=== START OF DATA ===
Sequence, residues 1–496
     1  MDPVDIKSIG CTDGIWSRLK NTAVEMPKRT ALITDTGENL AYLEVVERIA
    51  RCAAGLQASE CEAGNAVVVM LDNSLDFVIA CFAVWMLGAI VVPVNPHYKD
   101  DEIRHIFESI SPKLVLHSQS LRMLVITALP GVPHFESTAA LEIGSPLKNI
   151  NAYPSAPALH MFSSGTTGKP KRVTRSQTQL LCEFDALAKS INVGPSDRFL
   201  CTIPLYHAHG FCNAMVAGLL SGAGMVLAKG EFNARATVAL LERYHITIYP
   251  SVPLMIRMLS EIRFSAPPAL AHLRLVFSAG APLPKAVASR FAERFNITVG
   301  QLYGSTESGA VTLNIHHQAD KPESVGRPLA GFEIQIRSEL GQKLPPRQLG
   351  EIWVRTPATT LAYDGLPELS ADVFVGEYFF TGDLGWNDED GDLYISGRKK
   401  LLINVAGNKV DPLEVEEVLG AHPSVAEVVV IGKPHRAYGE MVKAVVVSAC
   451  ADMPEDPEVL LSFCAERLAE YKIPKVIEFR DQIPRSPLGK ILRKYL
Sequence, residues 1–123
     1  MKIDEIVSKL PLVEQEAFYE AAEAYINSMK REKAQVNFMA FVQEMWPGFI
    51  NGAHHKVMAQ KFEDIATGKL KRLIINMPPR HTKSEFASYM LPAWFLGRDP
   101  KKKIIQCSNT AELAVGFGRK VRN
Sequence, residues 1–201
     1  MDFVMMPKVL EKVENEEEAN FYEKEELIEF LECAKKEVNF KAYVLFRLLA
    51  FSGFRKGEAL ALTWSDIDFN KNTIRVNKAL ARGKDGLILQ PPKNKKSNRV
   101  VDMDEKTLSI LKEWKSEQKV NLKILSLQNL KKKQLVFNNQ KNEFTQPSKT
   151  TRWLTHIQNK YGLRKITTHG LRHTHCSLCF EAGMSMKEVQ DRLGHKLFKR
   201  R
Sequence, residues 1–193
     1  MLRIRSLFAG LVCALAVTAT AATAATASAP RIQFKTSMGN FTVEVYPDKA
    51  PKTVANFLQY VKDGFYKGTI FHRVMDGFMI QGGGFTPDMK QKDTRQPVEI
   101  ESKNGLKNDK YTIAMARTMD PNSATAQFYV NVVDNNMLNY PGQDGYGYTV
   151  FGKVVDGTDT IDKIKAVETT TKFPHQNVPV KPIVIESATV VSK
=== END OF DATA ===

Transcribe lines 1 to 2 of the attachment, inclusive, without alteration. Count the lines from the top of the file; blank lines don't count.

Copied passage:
Sequence, residues 1–496
     1  MDPVDIKSIG CTDGIWSRLK NTAVEMPKRT ALITDTGENL AYLEVVERIA